Models and Theories in Human-Computer Interaction/Increasing Collaborative Transparency Through the Externalization of Discussion

A collaborative platform both motivates and deters interaction in a number of ways.

It motivates interaction through:

  • Providing an open-ended timeframe by which someone can communicate with a group of people at their leisure
  • Providing an asynchronous environment by which a conversation can develop
  • Providing a sense of content and opinion ownership, where someone can fully express themselves without interruption

It deters interaction through:

  • Hindering the editing of content (makes sense for the class structure, but not indicative of real-world application, like Wikipedia)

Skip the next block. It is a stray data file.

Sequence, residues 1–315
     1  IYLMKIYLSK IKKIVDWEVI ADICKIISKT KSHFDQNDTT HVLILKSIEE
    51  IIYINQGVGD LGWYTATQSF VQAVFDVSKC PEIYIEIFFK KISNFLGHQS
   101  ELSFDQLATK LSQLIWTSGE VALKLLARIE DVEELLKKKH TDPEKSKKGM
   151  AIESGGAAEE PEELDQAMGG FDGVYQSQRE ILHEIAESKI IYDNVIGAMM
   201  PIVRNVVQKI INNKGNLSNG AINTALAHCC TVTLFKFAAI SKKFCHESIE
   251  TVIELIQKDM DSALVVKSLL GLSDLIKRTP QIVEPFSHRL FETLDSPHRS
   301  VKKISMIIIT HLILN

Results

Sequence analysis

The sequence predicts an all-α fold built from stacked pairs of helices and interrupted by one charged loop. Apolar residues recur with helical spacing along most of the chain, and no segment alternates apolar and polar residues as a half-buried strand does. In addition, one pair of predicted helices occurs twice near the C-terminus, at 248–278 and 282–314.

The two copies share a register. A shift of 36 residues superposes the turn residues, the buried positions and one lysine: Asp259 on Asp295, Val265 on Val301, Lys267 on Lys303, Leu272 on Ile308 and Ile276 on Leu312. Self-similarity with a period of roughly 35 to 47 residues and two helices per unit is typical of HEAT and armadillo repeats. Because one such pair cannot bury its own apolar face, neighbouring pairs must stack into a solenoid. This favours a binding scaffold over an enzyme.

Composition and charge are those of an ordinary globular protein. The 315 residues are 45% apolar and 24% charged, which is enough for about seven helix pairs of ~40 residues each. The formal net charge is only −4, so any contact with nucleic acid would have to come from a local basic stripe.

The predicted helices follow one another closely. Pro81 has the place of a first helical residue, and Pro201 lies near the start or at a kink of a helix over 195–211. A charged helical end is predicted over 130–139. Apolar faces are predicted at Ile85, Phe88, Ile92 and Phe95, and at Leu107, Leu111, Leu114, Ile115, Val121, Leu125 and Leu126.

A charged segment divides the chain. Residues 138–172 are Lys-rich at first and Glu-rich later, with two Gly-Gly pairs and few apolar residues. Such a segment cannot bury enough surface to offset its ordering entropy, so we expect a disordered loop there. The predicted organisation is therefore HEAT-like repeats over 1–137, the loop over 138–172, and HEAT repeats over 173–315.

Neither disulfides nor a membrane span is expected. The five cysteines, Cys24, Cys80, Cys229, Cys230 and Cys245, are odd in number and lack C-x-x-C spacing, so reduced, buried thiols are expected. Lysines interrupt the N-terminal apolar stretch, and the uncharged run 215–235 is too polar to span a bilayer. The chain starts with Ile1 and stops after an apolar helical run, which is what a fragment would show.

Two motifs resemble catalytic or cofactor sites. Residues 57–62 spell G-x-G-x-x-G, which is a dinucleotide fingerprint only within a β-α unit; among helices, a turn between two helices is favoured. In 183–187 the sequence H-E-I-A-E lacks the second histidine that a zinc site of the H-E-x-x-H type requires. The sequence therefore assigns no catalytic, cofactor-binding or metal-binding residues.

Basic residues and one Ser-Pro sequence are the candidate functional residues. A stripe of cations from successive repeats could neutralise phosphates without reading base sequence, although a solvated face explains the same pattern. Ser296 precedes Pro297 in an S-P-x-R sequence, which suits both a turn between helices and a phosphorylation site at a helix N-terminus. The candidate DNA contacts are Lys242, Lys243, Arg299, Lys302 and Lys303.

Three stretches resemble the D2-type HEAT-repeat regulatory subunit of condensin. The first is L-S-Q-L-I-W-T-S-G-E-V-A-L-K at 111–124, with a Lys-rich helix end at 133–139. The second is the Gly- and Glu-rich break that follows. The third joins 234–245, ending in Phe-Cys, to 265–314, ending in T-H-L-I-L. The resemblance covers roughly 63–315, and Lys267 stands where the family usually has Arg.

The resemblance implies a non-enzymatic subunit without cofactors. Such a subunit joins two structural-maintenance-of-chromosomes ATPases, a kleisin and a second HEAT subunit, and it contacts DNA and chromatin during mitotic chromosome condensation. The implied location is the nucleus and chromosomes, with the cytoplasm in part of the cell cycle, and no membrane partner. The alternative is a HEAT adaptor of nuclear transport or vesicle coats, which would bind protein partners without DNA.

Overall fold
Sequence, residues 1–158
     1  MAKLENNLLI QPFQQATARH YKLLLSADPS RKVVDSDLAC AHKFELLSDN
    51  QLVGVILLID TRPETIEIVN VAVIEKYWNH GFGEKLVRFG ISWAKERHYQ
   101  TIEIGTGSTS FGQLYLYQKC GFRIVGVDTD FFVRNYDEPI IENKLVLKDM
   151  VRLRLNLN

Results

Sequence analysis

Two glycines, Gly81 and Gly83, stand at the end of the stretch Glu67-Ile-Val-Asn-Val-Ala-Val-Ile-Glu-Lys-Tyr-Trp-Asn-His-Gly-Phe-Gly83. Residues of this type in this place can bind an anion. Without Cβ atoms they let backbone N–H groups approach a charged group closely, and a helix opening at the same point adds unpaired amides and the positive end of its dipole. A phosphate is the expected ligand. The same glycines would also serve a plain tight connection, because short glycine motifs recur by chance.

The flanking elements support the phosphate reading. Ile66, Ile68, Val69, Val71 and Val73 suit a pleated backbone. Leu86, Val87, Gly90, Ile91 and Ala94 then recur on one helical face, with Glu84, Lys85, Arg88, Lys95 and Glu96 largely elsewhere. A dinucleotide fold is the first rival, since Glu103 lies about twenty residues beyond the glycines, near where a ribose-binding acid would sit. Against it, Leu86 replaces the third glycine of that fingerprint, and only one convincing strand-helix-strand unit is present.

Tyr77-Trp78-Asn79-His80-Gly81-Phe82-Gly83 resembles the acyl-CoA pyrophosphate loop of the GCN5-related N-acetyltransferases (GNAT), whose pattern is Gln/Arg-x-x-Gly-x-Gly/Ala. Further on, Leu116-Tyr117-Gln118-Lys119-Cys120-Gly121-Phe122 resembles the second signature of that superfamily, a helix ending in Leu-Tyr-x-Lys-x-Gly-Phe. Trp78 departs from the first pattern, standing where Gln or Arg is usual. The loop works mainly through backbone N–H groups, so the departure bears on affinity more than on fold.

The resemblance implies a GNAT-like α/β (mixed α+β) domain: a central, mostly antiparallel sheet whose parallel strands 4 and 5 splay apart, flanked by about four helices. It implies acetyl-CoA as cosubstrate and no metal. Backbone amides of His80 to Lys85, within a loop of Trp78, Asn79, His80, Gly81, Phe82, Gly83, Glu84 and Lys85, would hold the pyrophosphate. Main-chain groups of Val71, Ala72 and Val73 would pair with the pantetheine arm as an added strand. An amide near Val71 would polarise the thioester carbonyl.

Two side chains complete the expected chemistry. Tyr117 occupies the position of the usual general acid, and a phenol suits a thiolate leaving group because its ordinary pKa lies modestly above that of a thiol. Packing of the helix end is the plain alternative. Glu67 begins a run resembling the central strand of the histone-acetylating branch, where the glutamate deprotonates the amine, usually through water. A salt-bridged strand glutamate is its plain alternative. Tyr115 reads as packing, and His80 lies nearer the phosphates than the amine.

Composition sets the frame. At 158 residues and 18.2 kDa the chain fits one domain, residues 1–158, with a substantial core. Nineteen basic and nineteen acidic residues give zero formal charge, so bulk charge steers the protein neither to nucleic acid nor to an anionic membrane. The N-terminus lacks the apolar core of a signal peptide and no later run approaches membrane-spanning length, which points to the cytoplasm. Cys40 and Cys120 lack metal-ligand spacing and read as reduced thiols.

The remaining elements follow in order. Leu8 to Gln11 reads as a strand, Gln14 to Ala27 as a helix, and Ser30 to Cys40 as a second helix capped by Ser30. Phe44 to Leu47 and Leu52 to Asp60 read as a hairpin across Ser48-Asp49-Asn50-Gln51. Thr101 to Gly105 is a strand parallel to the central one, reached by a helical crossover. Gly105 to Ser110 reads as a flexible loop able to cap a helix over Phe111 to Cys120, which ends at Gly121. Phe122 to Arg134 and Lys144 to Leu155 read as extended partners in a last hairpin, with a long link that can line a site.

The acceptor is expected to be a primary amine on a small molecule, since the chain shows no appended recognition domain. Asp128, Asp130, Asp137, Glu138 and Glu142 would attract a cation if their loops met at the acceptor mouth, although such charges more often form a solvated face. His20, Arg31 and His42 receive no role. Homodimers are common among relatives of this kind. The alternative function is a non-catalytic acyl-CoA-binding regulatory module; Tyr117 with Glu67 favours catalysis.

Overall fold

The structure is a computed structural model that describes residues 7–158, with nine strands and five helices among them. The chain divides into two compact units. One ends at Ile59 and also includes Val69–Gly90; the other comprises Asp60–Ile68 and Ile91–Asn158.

• Less opportunity of collaborative writing and shared groupthink, since the medium is primarily being used by individual contributors for this application

Activity theory understands that the users are re-creating their own environment, not just choosing from possibilities in the availability of tools but actively creating an environment through their activity. In the case of using WikiBooks as a collaborative platform for the course, we are collectively socially mediating our student group’s learning and analysis of HCI. The Wikibooks platform allows the students and professor to externalize and make transparent the learnings from our individual internalization of the information provided in the lectures and reading, and helps us as a group keep a pulse on how others are interpreting the same information. This helps us build a digital classroom by which discussions are prompted, whereas in a traditional classroom the conversation may be organic.